The NDP leader pledged to change her ways to win party support, but it’s cold comfort for someone who will have to keep looking over her shoulder the next four years
After months of intense campaigning using the resources and organization of the party, Andrea Horwath managed to hang onto her position as Ontario New Democratic Party leader at the party’s convention last weekend, promising to steer the party left.
A move to dump Horwath sprang from the discontent of NDPers with the June campaign, which embraced conservative populist themes and discarded social justice issues. That strategy was a mistake, but it was not an accident. The decision to embrace right-wing populism was deliberate.
Moreover, it was the product of an undemocratic process imposed by the leader’s office. The party needs a provincial executive that will act to ensure that doesn’t happen again.
And although the party establishment’s official slate dominated elections to that body at the convention – the party’s left-wing and independent candidates did remarkably well.
Independent Michael Erickson broke the stranglehold by winning an at-large spot on the executive. And the NDP’s Socialist Caucus ran or supported more than a dozen candidates for posts garnering between 20 and 44 per cent of the votes.
Debates on convention procedures and resolutions also produced a number of upsets for the leader. That, despite the hundreds of delegates summoned by conservative riding associations and union leaders to sustain Horwath. (As it happened, convention attendance jumped from 527 to over 1,000 between Friday and Saturday. By Sunday morning it had dropped below 800 again.)
Motions of referral, with instructions to integrate tougher language into otherwise pablum-like resolutions from the official vetting committee, succeeded in a number of cases – including on social assistance, where it was changed to advocate a reversal of the 21.5 per cent cuts under Mike Harris, the bitumen pipeline known as Line 9 and abolition of the Ontario Municipal Board.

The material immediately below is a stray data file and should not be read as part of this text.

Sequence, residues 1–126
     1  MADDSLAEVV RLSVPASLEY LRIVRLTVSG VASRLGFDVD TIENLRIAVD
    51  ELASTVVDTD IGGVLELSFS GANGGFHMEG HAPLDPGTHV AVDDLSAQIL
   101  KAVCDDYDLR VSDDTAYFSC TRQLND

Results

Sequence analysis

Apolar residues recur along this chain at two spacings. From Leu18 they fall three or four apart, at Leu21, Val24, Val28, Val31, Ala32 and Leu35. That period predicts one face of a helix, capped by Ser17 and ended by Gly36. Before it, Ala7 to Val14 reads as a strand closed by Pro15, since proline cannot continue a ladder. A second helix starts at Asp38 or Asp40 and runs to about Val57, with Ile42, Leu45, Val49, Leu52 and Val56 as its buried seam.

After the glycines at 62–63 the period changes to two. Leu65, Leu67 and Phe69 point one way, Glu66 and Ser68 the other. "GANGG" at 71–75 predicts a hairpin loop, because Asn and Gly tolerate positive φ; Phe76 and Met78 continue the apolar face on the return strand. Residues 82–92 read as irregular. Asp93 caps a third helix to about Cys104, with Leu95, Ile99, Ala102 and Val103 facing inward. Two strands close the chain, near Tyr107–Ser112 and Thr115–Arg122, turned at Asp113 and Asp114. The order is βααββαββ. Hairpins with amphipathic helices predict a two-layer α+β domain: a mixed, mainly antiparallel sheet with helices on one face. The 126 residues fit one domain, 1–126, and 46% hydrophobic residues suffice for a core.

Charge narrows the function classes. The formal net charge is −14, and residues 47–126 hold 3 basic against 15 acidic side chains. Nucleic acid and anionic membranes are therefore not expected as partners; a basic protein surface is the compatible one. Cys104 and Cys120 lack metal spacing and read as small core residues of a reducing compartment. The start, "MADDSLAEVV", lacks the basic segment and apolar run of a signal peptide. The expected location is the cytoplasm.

The rebellious feeling also produced a win for more time to debate labour issues, and it led to more than 30 per cent of delegates voting against acceptance of the Provincial Secretary’s report closely identified with the failed election campaign.
But by far the biggest upset to the party establishment was the resolution for free post-secondary education and abolishing student debt, a long-standing Socialist Caucus cause.
On Sunday morning, Ontario Federation of Labour president Sid Ryan eviscerated the ONDP June election platform, reminding delegates of environmental issues that were conspicuous by their absence.
Likewise he singled out pension reform, an easier path to union recognition, a much higher minimum wage, workers’ health and safety issues, employment equity and public auto insurance as causes the party should be pushing.
“Don’t be afraid to advance bold policies,” said the chief of the provincial labour federation to which more than one million workers are affiliated.
Ryan’s speech was a shot of much-needed political adrenalin to rid the sour taste left by the vote to prop up Horwath Saturday, not to mention shake off the hours of mind-numbing tutorials on the finer points of fund raising.
Another exception to dull downtime was Kelsey Mech, national director of the Canadian Youth Climate Coalition, whose articulate remarks on the theme of engaging youth highlighted the yawning gap between youth and powers-that-be at the summit of the party.
This was a point echoed at the Socialist Caucus public forum on Saturday during the dinner break. Speakers Lana Goldberg, an organizer working with Aamjiwnaang First Nation members against Line 9, Enbridge’s plan to pump Alberta crude through Ontario, stressed the need to devote resources to meet urgent human needs for housing, transportation and health, plus the conversion of energy systems to green alternatives.
“It is increasingly clear that environmentalism and capitalism are incompatible,” said Goldberg.
NDPers are looking for change, but they settled for Horwath under the circumstances.
That’s cold comfort for a leader who pledged to change her ways, and who will have to keep looking over her shoulder the next four years as the party left and union leaders continue to press for a workers’ agenda.
Barry Weisleder is chair of the NDP’s Socialist Caucus and a member of the Trinity-Spadina NDP. He ran unsuccessfully as a candidate for vice-president to the party’s provincial executive at last weekend’s ONDP convention.
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